Undoing the “Curse of Knowledge”
On the BBC “Future” blog, Tom Stafford explains why teaching is so hard to do well. It has to do with what is called the “curse of knowledge, a psychological quirk whereby, once we have learned something, we find it hard to appreciate how the world looks to someone who doesn’t know it yet:
“Once you are familiar with a topic it is very hard to understand what someone who isn’t familiar with it needs to know. [To do so requires us to] recruit what psychologists call our ‘Theory of Mind,’ the ability to think about others’ beliefs and desires. Our skill at Theory of Mind is one of the things that distinguish humans from all other species—only chimpanzees seem to have anything approaching a true understanding that others might believe different things from themselves. We humans, on the other hand, seem primed from early infancy to practice thinking about how other humans view the world.
The fact that the curse of knowledge exists tells us how hard a problem it is to think about other people’s minds. Like many hard cognitive problems—such as seeing, for example—the human brain has evolved specialist mechanisms which are dedicate to solving it for us, so that we don’t normally have to expend conscious effort. Much of the time we [can understand others’ perspectives,] just as most of the time we simply open our eyes and see the world.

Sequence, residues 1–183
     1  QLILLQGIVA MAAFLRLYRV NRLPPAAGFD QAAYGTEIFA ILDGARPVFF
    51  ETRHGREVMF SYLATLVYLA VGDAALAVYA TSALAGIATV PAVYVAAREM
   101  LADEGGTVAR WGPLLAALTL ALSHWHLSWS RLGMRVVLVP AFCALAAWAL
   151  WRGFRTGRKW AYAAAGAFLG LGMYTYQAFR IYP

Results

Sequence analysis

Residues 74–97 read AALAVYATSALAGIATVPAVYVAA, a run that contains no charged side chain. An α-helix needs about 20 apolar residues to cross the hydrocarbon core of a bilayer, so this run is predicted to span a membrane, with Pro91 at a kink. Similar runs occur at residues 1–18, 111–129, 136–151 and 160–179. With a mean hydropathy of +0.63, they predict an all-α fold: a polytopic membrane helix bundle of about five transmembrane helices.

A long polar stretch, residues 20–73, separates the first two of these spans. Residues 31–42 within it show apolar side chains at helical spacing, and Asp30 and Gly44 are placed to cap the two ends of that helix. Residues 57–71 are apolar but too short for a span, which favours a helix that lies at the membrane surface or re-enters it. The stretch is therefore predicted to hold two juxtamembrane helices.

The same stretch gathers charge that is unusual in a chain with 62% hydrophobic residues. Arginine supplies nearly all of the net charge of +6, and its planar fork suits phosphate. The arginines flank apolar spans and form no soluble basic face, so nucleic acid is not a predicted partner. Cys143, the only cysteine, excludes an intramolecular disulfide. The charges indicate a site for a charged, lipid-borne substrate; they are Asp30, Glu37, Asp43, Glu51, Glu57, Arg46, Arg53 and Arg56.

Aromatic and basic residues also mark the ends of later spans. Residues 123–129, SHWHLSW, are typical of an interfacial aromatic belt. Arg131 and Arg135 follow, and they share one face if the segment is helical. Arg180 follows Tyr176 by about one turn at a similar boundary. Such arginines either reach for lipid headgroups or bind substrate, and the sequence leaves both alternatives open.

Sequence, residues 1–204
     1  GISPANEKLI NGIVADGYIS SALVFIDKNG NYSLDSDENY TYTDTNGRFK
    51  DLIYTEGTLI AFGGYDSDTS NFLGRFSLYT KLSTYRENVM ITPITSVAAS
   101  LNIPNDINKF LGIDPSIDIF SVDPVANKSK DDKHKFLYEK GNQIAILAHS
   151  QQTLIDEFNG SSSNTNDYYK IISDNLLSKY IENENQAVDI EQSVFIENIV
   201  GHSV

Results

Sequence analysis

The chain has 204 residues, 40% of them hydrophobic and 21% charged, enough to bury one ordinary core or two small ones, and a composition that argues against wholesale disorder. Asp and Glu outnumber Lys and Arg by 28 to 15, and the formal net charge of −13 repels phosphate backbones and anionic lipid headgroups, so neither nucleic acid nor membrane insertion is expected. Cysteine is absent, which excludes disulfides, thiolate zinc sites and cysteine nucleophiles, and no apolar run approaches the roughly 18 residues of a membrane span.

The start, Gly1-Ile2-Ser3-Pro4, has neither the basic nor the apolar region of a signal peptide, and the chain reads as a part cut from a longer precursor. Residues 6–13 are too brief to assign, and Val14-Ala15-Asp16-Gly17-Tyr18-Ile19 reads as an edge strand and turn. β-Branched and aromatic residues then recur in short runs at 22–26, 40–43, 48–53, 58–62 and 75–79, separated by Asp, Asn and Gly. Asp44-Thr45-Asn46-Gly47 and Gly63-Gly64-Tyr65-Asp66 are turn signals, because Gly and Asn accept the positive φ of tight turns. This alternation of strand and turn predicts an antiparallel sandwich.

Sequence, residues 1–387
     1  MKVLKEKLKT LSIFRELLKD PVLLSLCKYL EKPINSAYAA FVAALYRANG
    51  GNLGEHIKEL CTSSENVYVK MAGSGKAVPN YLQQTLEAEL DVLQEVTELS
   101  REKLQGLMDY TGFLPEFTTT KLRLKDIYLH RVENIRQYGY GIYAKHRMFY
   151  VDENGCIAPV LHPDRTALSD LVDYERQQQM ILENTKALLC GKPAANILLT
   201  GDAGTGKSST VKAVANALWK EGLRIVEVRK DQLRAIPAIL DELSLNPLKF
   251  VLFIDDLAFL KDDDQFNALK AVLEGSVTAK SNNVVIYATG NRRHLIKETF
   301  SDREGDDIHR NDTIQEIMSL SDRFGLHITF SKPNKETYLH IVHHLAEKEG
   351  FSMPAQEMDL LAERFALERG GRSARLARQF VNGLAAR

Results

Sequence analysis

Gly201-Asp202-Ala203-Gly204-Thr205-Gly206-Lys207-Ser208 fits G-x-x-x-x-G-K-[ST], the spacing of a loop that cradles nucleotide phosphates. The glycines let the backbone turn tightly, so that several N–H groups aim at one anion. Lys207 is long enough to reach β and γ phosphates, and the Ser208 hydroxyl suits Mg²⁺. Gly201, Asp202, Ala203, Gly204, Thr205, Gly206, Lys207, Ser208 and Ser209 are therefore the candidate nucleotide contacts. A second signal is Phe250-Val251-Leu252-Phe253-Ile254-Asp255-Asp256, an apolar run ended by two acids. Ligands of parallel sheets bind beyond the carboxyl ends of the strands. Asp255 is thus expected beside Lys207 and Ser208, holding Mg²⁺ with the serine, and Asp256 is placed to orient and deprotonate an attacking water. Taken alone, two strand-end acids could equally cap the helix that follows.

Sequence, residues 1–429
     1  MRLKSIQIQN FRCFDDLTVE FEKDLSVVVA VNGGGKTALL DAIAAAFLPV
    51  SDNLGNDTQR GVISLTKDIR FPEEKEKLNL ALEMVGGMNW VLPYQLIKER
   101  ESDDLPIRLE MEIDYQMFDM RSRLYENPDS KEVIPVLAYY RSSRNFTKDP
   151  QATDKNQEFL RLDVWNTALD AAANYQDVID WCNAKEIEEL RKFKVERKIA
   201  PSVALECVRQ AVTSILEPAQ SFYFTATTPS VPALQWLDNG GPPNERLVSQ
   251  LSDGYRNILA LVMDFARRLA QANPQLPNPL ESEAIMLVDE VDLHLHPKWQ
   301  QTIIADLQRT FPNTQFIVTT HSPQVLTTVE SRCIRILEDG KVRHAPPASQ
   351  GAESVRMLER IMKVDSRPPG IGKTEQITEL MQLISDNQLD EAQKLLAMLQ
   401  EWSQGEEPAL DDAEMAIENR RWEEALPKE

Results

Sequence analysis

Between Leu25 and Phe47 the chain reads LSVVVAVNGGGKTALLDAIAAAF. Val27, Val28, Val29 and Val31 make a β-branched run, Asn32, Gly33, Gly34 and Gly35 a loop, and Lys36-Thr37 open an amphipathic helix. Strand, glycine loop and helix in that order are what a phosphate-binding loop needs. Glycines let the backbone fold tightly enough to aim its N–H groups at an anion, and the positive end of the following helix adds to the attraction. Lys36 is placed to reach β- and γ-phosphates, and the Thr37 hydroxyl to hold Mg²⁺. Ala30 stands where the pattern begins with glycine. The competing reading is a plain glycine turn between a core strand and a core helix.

The good news is that your Theory of Mind isn’t completely automatic—you can use deliberate strategies to help you think about what other people know. A good one when writing is simply to force yourself to check every term to see if it is jargon—something you’ve learned the meaning of but not all your readers will know. Another strategy is to tell people what they can ignore, as well as what they need to know. This works well with directions (and results in instructions like ‘keep going until you see the red door. There’s a pink door, but that’s not it.’)
With a few tricks like this, and perhaps some general practice, we can turn the concept of trying to read other people’s minds—what some psychologists call ‘mind mindedness’—into a habit, and so improve our Theory of Mind abilities. Which is a good thing, since good theory of mind is what makes a considerate partner, friend or co-worker—and a good giver of directions.” (Read more here.)
And a good teacher or parent, I’d add. Teachers out there, do you find yourself deliberately trying to see the world from the perspective of your students? How do you go about it? Same with parents—how do you imagine the world through your child’s eyes?